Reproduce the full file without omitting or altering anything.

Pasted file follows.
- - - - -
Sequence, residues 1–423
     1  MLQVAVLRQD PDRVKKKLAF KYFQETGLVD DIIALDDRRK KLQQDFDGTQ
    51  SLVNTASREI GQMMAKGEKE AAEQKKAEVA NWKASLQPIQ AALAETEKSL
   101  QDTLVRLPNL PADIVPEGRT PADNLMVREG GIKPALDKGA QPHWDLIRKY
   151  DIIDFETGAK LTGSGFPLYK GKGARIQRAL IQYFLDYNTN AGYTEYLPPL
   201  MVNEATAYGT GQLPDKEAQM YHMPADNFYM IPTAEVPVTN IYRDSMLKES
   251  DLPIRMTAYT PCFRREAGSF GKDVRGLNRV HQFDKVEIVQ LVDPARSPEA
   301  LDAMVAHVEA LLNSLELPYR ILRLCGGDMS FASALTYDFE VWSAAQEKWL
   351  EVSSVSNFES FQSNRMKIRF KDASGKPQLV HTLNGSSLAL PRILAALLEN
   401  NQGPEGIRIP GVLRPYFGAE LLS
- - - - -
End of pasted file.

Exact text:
Sequence, residues 1–423
     1  MLQVAVLRQD PDRVKKKLAF KYFQETGLVD DIIALDDRRK KLQQDFDGTQ
    51  SLVNTASREI GQMMAKGEKE AAEQKKAEVA NWKASLQPIQ AALAETEKSL
   101  QDTLVRLPNL PADIVPEGRT PADNLMVREG GIKPALDKGA QPHWDLIRKY
   151  DIIDFETGAK LTGSGFPLYK GKGARIQRAL IQYFLDYNTN AGYTEYLPPL
   201  MVNEATAYGT GQLPDKEAQM YHMPADNFYM IPTAEVPVTN IYRDSMLKES
   251  DLPIRMTAYT PCFRREAGSF GKDVRGLNRV HQFDKVEIVQ LVDPARSPEA
   301  LDAMVAHVEA LLNSLELPYR ILRLCGGDMS FASALTYDFE VWSAAQEKWL
   351  EVSSVSNFES FQSNRMKIRF KDASGKPQLV HTLNGSSLAL PRILAALLEN
   401  NQGPEGIRIP GVLRPYFGAE LLS